By Peter Bowes
BBC News, Los Angeles
Music mogul Simon Cowell's latest TV show America's Got Talent made its US debut this week.
Jugglers, strippers and a rapping grandmother - just some of the wannabe performers vying to become America's next superstar in Simon Cowell's new audition show.
Cowell produces America's Got Talent but does not appear
Presented by veteran talk show host Regis Philbin, the talent search follows the same formula as Pop Idol and its US cousin, American Idol.
Cowell, however, does not appear on screen. American Idol airs on the Fox network, while his new show is on NBC.
For contractual reasons, the British producer must remain behind the scenes.
"I was very tempted to go in disguise and judge this show," he says.
"It was quite awkward for me to be watching from the sidelines. There were many moments when I just wanted to throw someone out of the judge's chair and tell them exactly what I thought."
But Cowell has an alter-ego on the panel. Former tabloid editor and showbiz columnist Piers Morgan appears as the token Brit who is not afraid to speak his mind.
"He sure is terrific, and he too is brutally honest," says Philbin. "He makes those tough decisions."
"He's trying to take a leaf from the book of Simon and it looks like he's playing it pretty close to the formula," says Professor Robert Thompson, director of the Centre for the Study of Popular Television at New York's Syracuse University.
Piers Morgan (l) takes on his role as acerbic British judge
"All the better that he's a Brit, which we now seem to associate over here with that role."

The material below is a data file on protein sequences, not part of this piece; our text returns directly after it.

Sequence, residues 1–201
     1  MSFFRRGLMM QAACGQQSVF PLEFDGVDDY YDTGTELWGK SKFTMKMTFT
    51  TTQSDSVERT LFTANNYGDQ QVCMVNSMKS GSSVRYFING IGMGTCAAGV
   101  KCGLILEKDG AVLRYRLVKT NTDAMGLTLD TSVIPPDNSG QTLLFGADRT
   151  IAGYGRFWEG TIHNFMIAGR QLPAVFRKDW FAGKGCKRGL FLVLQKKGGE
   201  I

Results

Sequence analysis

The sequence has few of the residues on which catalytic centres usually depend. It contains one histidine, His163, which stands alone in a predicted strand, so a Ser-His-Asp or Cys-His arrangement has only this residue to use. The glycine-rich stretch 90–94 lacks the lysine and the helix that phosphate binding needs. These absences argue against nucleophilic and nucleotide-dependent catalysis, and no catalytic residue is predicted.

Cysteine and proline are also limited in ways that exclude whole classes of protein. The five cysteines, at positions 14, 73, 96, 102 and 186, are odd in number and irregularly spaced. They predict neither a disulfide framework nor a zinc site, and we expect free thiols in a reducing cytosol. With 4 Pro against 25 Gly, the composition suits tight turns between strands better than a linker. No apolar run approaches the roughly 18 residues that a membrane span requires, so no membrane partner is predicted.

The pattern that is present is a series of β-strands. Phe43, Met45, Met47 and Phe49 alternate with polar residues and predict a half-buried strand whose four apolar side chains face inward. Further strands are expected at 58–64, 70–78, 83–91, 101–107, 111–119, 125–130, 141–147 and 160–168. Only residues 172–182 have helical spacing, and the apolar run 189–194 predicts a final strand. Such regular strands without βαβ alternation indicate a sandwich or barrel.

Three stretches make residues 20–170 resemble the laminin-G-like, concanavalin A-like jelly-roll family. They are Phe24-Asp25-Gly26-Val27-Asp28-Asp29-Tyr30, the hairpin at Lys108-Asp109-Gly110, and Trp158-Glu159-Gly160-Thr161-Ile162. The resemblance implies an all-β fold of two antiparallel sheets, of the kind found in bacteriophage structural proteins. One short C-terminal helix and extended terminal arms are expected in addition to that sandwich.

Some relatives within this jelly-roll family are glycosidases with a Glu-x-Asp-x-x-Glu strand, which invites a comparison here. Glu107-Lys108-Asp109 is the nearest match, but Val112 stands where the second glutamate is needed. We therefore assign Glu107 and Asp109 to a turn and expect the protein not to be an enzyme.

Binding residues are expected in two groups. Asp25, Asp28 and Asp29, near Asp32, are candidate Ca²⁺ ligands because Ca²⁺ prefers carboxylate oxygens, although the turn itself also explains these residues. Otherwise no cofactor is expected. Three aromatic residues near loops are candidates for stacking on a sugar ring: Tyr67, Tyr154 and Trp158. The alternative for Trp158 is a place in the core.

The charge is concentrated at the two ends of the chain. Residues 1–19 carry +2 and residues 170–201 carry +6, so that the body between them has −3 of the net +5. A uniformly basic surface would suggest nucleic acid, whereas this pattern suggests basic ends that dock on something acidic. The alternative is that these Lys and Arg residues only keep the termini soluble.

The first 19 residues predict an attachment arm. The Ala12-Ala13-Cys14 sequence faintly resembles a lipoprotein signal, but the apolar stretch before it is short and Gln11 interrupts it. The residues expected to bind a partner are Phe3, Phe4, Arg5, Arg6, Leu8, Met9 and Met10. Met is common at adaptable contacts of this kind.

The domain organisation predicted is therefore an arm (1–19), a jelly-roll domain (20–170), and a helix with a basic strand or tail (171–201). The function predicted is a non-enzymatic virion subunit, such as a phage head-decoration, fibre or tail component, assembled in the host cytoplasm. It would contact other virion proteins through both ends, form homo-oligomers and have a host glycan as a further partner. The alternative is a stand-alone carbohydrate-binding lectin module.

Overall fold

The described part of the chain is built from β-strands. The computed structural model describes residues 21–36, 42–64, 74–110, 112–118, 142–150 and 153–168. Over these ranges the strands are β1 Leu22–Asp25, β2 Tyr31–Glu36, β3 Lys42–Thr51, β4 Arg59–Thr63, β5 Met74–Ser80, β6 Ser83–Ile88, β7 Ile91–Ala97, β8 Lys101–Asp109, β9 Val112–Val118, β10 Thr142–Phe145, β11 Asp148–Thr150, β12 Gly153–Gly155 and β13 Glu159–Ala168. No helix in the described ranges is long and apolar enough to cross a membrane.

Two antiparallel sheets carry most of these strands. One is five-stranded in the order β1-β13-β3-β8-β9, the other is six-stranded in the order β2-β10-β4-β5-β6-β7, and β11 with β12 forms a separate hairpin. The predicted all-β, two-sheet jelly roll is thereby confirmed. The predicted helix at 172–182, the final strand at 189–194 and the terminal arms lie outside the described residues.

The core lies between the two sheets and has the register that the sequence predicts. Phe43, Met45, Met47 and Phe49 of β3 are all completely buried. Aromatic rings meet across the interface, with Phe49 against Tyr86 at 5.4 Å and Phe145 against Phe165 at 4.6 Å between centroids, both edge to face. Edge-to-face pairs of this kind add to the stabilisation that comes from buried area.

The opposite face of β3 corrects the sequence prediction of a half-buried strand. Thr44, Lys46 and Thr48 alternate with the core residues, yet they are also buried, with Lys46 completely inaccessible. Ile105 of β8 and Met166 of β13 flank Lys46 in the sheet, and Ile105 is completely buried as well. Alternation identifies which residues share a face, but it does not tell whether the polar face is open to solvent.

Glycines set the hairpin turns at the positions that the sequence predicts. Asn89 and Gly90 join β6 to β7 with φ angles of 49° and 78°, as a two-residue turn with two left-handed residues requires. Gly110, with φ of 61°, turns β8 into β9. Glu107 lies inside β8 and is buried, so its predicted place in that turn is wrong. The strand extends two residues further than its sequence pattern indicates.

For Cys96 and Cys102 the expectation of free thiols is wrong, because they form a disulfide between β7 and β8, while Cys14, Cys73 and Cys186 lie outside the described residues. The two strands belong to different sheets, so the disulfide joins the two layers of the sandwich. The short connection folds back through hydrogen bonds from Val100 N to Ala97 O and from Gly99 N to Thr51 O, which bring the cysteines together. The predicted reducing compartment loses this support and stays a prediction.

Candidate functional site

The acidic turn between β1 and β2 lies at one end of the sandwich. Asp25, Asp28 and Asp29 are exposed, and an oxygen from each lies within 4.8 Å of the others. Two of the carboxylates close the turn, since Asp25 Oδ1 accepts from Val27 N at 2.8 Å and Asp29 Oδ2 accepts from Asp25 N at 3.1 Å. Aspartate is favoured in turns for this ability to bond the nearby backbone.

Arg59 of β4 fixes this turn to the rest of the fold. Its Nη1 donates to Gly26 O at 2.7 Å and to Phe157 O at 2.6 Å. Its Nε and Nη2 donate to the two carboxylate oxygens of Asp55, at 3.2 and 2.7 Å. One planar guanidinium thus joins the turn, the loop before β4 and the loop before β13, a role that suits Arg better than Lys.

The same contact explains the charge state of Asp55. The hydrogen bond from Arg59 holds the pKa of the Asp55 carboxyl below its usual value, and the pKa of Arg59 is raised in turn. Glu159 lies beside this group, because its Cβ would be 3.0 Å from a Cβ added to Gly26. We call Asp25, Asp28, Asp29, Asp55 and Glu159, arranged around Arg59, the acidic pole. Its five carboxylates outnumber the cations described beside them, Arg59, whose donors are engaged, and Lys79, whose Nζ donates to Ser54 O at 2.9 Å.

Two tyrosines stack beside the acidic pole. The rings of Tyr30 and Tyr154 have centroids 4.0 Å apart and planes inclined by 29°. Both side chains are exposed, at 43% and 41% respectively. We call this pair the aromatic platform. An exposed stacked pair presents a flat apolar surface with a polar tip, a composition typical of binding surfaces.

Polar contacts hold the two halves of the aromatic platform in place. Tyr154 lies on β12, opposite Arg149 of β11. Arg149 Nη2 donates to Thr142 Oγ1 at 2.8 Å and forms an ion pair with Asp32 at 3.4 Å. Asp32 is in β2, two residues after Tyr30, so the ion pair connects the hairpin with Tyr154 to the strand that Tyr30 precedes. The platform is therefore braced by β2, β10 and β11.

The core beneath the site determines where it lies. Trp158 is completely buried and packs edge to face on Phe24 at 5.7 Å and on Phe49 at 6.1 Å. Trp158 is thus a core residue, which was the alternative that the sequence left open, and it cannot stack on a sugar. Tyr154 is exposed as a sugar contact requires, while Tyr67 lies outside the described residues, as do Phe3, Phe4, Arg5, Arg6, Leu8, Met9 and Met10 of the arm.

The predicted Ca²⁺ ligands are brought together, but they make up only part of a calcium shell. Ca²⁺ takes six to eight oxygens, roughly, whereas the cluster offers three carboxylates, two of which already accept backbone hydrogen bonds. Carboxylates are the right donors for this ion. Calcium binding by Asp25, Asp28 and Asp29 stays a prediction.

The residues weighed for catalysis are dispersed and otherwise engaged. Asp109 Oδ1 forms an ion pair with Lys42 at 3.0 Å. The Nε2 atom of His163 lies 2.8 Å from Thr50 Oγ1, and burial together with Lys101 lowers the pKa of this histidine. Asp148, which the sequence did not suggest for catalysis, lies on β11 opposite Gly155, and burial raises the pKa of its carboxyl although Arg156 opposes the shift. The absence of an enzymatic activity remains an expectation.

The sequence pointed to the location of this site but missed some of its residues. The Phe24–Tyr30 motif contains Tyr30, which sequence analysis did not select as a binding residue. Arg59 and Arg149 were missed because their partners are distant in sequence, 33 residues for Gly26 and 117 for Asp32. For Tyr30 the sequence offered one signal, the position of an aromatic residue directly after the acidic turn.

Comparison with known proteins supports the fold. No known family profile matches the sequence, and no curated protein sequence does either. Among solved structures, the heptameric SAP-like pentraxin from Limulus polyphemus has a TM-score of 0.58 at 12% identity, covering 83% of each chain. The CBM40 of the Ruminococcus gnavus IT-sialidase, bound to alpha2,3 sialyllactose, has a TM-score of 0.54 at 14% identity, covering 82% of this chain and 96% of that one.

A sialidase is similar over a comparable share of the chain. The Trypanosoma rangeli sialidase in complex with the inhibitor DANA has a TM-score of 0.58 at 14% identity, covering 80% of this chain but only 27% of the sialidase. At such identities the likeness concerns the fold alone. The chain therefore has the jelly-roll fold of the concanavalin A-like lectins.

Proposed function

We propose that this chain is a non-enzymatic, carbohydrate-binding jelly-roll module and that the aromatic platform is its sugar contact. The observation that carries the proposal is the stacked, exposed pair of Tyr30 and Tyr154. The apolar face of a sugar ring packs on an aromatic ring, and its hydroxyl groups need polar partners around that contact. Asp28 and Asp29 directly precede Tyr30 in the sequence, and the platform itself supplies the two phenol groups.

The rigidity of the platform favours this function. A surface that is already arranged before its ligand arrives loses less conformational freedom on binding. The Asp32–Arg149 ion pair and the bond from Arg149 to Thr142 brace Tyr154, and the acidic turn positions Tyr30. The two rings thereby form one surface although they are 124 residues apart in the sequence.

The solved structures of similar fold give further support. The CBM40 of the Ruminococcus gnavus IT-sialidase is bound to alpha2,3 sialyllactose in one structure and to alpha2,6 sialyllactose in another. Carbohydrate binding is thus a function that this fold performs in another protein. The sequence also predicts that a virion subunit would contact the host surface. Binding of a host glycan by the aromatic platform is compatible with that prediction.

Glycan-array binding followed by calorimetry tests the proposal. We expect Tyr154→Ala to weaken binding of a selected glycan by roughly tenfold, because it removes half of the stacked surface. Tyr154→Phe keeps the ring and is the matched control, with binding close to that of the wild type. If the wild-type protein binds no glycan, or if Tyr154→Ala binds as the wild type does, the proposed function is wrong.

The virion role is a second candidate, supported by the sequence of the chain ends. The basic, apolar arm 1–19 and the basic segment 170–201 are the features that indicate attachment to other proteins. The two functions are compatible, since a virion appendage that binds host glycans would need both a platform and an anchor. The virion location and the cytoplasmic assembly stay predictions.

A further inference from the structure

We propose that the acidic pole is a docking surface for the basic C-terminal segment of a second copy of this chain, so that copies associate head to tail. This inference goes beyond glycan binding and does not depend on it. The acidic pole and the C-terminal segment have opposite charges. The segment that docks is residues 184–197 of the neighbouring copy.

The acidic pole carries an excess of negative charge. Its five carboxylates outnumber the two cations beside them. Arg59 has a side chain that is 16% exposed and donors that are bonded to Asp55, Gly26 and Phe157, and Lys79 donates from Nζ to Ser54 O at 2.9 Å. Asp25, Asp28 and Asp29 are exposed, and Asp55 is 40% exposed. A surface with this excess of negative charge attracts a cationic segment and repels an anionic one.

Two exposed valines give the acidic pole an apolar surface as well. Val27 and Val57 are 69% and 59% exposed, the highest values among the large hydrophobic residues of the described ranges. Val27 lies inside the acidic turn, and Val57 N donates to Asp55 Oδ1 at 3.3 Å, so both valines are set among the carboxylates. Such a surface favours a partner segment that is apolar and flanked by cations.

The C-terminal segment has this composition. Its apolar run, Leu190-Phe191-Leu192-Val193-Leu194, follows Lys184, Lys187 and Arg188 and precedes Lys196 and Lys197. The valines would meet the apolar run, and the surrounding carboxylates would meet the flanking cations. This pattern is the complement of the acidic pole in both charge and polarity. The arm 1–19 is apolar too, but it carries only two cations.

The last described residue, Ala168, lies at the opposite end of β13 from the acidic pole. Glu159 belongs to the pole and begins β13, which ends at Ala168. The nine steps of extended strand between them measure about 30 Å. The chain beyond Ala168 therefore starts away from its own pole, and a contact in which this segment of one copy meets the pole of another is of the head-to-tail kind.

Morgan is not nasty all the time, and he comes across as far less grumpy than Cowell does on American Idol.
"You're one of the funniest people I've seen in stand-up," he tells an eight-year old African-American comic called Syd the Kid.
The judges' panel is completed by former Baywatch star David Hasselhoff and R&B singer Brandy.
Unlike American Idol, America's Got Talent has few rules - which means anything goes.
The result is old-style variety show entertainment melded with modern day reality TV.
'Variety is key'
In return for a shot at stardom - and the possibility of a million-dollar prize - contestants must be prepared for ritual humiliation.
"You belong on the end of the pier, or preferably off the end of the pier," Morgan advises a particularly woeful one-man band.
But Cowell is convinced that a pearl will be found among the swine.
The show is presented by veteran talk show host Regis Philbin
"If I didn't think we could find a star, I wouldn't make the show," he says confidentially.
"Variety is the key here. You absolutely have no idea who is coming up next.
"In the space of 15 minutes we saw a juggler, an acrobat, an amazing 14-year-old singer and a 68-year old male stripper.
"Put that lot in the mix and that's the joy of the show," adds Cowell.
The contest joins a growing list of audition shows on US TV. Earlier this year, ABC had a hit with American Inventor, for which Cowell was executive producer.
"It's like anything," he says. "Whether you're making dramas, comedies or talent shows, you've got to be good."
Cowell's habit of calling a spade a spade is often cited as the secret to his success, whether in front of the camera or behind it.
"The fact that he was so candid about these performers made him a voice that you seldom hear in the often sycophantic, obsequious jargon of these kinds of entertainment shows," says Professor Thompson.